Redis Enterprise comes with a set of logs on the server and available through the user interface to assist users in investigating actions taken on the server and to troubleshoot issues.

Sending logs to a remote logging server

Redis Enterprise sends logs to syslog by default. You can send these logs to a remote logging server by configuring syslog.

To do this, modify the syslog or rsyslog configuration on your operating system to send logs in /var/opt/redislabs/log to a remote monitoring server of your choice.

Log rotation

Redis Enterprise uses the default logrotate daemon to schedule rotation of logs stored on the operating system. The configuration of log rotation may be found at /etc/logrotate.d.

By default the log rotation should occur on a daily basis. We recommend that you send log files to a remote logging server so that they can be more effectively maintained.

The below log rotation policy is enabled by default with Redis Enterprise but can be modified to meet your needs.

  rotate 7

Below describes what the log rotation this configuration policy puts into effect.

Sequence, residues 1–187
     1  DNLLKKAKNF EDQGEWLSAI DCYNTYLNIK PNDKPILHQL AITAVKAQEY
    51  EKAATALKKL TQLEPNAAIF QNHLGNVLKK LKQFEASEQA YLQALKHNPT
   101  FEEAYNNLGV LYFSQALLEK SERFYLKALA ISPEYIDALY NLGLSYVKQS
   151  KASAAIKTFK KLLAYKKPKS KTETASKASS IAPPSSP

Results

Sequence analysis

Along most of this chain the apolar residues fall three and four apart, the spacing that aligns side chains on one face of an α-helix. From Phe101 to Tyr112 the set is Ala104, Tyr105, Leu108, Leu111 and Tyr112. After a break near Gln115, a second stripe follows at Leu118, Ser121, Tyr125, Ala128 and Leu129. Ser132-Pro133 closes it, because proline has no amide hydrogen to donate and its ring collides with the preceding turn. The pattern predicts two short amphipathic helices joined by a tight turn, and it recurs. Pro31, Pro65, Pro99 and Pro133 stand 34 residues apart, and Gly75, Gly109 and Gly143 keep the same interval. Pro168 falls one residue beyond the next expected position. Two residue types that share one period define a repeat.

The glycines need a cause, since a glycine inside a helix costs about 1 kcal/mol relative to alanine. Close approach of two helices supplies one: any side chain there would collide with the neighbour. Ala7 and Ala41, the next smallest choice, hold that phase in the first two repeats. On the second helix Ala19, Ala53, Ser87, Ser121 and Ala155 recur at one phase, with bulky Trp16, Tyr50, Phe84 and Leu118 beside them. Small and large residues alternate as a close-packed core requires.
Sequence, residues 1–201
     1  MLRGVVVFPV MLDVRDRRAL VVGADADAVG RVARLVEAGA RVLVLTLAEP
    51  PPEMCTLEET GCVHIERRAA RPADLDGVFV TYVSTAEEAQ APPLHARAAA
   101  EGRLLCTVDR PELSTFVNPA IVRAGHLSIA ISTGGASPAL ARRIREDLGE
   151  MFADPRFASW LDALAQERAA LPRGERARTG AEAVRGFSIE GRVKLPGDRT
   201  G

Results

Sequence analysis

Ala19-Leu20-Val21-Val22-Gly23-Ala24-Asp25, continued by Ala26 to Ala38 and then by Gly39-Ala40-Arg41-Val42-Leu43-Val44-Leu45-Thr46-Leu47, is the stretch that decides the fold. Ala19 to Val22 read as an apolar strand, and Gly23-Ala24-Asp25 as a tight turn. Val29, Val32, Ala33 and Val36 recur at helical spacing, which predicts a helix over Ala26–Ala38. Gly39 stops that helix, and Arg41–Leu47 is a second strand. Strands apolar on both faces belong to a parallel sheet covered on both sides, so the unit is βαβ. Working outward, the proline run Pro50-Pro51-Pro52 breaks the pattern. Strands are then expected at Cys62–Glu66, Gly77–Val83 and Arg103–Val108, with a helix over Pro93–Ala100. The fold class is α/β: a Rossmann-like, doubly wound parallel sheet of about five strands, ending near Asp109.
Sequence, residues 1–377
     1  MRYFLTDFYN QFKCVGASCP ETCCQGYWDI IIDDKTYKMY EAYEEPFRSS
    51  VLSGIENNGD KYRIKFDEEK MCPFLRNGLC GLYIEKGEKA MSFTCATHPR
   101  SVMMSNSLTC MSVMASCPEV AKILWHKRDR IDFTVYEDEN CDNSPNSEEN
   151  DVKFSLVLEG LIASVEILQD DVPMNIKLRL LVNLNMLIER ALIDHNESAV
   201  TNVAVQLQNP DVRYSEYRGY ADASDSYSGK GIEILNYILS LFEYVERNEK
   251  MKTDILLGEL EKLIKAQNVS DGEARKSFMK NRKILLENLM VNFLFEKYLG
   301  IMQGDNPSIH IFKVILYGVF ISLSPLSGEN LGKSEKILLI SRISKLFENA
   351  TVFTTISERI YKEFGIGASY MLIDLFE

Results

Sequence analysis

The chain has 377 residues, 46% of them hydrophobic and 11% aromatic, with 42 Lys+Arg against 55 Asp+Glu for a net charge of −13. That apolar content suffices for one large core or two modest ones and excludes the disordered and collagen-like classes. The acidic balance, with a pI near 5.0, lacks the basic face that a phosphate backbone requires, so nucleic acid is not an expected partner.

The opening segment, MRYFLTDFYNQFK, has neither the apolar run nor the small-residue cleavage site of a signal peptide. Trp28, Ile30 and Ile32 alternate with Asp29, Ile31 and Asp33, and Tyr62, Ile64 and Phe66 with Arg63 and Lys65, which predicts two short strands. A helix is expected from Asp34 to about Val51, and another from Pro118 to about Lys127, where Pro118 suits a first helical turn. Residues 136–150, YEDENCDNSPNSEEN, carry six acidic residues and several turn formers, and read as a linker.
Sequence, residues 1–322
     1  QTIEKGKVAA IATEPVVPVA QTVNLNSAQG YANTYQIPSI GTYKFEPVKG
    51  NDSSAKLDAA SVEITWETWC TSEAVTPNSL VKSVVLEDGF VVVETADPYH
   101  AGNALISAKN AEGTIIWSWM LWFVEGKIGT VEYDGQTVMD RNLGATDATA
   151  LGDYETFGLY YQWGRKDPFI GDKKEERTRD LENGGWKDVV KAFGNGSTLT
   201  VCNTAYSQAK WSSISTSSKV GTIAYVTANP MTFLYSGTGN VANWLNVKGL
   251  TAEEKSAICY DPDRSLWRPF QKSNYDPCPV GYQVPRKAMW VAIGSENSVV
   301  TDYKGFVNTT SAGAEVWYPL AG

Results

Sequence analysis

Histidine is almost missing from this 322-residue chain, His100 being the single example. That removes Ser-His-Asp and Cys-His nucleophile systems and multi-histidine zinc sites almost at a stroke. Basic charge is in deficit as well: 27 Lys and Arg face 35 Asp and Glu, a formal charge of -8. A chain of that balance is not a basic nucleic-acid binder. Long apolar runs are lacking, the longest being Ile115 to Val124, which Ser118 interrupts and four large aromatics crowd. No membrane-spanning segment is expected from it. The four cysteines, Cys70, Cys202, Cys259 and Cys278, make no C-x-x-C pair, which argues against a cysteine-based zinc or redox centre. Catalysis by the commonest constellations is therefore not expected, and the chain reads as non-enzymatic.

• /var/opt/redislabs/log/*.log - When logrotate runs it checks the files under directory /var/opt/redislabs/log/ and rotates any files that end with the extension .log.

  • Daily - The interval is set to daily.

  • Missingok - If there are missing logfiles don’t do anything.

  • Copytruncate - Truncate the original log file to zero sizes after creating a copy.

  • rotate 7 - Keep 7 log files and delete the rest.

  • compress - gzip log files.

  • notifempty - Don’t rotate the log file if it is empty

For large scale deployments, it may be nessesary to rotate logs at quicker intervals, such as hourly. This can be done through a cronjob or external vendor solutions.